Whilst the speed of the process, the lack of transparency (given the private nature of the hearings), and the flexible approach to directions for a final hearing can cause concerns to parties contemplating Tribunal litigation, nevertheless there are many good reasons why parties may choose to bring a claim before the Tribunal rather than the DIFC Court of First Instance.  Ultimately, each forum exists to service different types of cases at an appropriate level (which reflects the differences in speed and cost) and ensures that parties to a dispute enjoy access to justice.

The content of this article is intended to provide a general guide to the subject matter. Specialist advice should be sought about your specific circumstances.

To print this article, all you need is to be registered on Mondaq.com.

Click to Login as an existing user or Register so you can print this article.

In association with
Up-coming Events Search
Font Size:
Mondaq on Twitter
Register for Access and our Free Biweekly Alert for
This service is completely free. Access 250,000 archived articles from 100+ countries and get a personalised email twice a week covering developments (and yes, our lawyers like to think you’ve read our Disclaimer).
Email Address
Company Name
Confirm Password
Mondaq Topics -- Select your Interests
 Law Performance
 Law Practice
 Media & IT
 Real Estate
 Wealth Mgt
Asia Pacific
European Union
Latin America
Middle East
United States
Worldwide Updates
Check to state you have read and
agree to our Terms and Conditions

Terms & Conditions and Privacy Statement

Mondaq.com (the Website) is owned and managed by Mondaq Ltd and as a user you are granted a non-exclusive, revocable license to access the Website under its terms and conditions of use. Your use of the Website constitutes your agreement to the following terms and conditions of use. Mondaq Ltd may terminate your use of the Website if you are in breach of these terms and conditions or if Mondaq Ltd decides to terminate your license of use for whatever reason.

Use of www.mondaq.com

You may use the Website but are required to register as a user if you wish to read the full text of the content and articles available (the Content). You may not modify, publish, transmit, transfer or sell, reproduce, create derivative works from, distribute, perform, link, display, or in any way exploit any of the Content, in whole or in part, except as expressly permitted in these terms & conditions or with the prior written consent of Mondaq Ltd. You may not use electronic or other means to extract details or information about Mondaq.com’s content, users or contributors in order to offer them any services or products which compete directly or indirectly with Mondaq Ltd’s services and products.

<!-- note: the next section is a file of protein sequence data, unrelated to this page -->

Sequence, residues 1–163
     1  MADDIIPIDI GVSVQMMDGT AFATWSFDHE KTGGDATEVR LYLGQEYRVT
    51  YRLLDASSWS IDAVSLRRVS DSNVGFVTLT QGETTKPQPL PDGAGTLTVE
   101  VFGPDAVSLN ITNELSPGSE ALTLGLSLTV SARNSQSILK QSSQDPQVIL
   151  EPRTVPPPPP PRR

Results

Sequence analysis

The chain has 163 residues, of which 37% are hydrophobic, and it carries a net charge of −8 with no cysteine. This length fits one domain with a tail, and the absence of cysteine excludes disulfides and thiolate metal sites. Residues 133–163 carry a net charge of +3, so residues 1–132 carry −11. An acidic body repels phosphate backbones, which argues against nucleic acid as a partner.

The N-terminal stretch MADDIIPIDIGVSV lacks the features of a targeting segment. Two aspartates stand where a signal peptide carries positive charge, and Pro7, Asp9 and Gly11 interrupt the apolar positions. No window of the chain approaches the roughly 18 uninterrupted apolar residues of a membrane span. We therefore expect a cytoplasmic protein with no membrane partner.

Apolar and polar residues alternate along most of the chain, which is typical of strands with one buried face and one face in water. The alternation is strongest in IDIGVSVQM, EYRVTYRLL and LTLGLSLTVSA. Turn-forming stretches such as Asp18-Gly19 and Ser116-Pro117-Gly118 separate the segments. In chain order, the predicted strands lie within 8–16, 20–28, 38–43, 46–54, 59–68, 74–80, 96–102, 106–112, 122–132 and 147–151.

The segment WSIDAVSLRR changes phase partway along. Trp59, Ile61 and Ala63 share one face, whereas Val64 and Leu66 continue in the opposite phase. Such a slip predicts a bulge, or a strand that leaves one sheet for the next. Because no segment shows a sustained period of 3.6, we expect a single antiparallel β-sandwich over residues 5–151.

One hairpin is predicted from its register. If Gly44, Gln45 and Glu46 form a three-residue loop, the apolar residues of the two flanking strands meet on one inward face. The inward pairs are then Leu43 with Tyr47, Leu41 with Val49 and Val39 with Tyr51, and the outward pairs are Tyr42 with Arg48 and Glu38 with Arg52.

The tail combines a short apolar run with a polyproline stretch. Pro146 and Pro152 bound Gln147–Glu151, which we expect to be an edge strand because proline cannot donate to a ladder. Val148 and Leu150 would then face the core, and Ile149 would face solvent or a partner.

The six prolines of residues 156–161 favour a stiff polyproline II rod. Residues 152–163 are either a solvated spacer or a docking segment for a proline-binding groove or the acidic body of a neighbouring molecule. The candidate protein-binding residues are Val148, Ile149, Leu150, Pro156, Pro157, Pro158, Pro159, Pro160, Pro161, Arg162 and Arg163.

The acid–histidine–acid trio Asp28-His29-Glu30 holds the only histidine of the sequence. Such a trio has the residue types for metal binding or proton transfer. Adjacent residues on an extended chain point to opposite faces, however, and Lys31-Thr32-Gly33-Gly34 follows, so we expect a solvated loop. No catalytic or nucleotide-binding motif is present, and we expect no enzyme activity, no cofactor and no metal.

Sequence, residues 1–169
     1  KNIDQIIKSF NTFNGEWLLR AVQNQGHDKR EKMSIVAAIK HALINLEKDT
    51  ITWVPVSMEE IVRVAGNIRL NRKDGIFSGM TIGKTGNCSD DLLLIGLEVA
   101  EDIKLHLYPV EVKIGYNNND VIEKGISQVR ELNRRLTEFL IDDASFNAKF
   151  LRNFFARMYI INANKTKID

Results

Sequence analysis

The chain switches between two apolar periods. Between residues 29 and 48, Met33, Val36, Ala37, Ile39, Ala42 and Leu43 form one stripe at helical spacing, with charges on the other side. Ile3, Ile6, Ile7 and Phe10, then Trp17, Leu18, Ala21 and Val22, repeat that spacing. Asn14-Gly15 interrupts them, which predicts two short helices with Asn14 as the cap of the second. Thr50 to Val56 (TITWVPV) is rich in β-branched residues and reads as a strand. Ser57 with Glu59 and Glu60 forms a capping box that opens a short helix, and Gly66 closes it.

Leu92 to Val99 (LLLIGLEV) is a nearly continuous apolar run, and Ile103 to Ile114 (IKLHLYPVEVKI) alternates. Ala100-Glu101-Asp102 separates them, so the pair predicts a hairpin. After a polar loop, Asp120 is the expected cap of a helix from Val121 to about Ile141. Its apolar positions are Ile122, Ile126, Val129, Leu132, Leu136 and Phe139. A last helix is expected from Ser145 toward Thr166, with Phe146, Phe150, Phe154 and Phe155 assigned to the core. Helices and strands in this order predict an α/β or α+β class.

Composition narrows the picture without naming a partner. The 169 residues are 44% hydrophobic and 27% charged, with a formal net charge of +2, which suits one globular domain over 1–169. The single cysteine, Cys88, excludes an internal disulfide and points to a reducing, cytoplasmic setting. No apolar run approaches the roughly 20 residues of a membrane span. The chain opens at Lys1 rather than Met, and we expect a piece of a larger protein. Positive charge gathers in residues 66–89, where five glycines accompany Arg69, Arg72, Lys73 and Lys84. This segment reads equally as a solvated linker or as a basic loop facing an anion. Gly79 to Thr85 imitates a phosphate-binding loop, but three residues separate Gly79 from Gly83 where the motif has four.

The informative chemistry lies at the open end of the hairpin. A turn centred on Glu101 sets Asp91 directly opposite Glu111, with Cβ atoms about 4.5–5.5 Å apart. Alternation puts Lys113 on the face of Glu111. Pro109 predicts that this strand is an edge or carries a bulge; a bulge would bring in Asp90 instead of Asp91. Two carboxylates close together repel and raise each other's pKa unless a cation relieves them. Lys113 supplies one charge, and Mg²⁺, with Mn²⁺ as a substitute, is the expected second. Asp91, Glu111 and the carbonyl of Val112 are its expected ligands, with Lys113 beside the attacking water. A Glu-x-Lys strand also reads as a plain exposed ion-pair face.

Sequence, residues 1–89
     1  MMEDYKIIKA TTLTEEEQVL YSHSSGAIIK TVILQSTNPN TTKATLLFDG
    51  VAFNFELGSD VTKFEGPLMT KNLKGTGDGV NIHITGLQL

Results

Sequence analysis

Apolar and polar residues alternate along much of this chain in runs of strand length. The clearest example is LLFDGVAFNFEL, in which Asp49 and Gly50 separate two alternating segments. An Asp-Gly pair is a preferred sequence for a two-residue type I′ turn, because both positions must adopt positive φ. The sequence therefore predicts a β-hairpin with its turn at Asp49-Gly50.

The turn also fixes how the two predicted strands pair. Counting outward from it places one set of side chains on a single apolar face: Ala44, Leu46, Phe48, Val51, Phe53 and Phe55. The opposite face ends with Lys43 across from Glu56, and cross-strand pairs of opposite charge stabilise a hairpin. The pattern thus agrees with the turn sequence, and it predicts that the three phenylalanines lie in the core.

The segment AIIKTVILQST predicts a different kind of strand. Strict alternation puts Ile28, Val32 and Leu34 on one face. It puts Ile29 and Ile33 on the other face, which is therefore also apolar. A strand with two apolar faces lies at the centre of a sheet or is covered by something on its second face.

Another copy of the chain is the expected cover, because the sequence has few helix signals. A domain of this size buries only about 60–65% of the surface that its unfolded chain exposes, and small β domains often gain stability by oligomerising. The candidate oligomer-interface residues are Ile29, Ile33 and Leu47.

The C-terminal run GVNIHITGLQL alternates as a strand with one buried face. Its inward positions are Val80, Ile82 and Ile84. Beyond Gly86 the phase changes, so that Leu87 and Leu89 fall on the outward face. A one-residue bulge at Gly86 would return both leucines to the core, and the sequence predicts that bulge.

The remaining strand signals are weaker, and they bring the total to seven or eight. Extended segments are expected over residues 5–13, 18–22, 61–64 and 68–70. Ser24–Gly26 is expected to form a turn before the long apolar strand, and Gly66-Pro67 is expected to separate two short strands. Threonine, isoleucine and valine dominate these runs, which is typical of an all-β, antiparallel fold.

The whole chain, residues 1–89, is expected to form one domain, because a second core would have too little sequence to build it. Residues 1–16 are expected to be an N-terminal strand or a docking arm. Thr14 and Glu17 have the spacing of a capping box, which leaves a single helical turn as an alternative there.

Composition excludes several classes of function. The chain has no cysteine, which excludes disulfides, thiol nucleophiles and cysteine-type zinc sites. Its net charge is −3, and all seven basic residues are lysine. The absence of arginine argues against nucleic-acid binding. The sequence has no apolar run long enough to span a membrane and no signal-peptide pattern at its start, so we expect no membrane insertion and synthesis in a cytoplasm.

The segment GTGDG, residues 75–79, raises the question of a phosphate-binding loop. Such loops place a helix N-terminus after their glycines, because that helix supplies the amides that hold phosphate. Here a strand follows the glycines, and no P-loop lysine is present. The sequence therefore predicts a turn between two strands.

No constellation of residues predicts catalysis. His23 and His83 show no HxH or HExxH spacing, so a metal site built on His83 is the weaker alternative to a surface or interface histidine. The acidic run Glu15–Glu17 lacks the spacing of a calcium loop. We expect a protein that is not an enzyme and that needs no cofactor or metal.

Mondaq Ltd and/or its respective suppliers make no representations about the suitability of the information contained in the documents and related graphics published on this server for any purpose. All such documents and related graphics are provided "as is" without warranty of any kind. Mondaq Ltd and/or its respective suppliers hereby disclaim all warranties and conditions with regard to this information, including all implied warranties and conditions of merchantability, fitness for a particular purpose, title and non-infringement. In no event shall Mondaq Ltd and/or its respective suppliers be liable for any special, indirect or consequential damages or any damages whatsoever resulting from loss of use, data or profits, whether in an action of contract, negligence or other tortious action, arising out of or in connection with the use or performance of information available from this server.

The documents and related graphics published on this server could include technical inaccuracies or typographical errors. Changes are periodically added to the information herein. Mondaq Ltd and/or its respective suppliers may make improvements and/or changes in the product(s) and/or the program(s) described herein at any time.


Mondaq Ltd requires you to register and provide information that personally identifies you, including what sort of information you are interested in, for three primary purposes:

  • To allow you to personalize the Mondaq websites you are visiting.
  • To enable features such as password reminder, newsletter alerts, email a colleague, and linking from Mondaq (and its affiliate sites) to your website.
  • To produce demographic feedback for our information providers who provide information free for your use.

Mondaq (and its affiliate sites) do not sell or provide your details to third parties other than information providers. The reason we provide our information providers with this information is so that they can measure the response their articles are receiving and provide you with information about their products and services.

If you do not want us to provide your name and email address you may opt out by clicking here .

If you do not wish to receive any future announcements of products and services offered by Mondaq by clicking here .

Information Collection and Use

We require site users to register with Mondaq (and its affiliate sites) to view the free information on the site. We also collect information from our users at several different points on the websites: this is so that we can customise the sites according to individual usage, provide 'session-aware' functionality, and ensure that content is acquired and developed appropriately. This gives us an overall picture of our user profiles, which in turn shows to our Editorial Contributors the type of person they are reaching by posting articles on Mondaq (and its affiliate sites) – meaning more free content for registered users.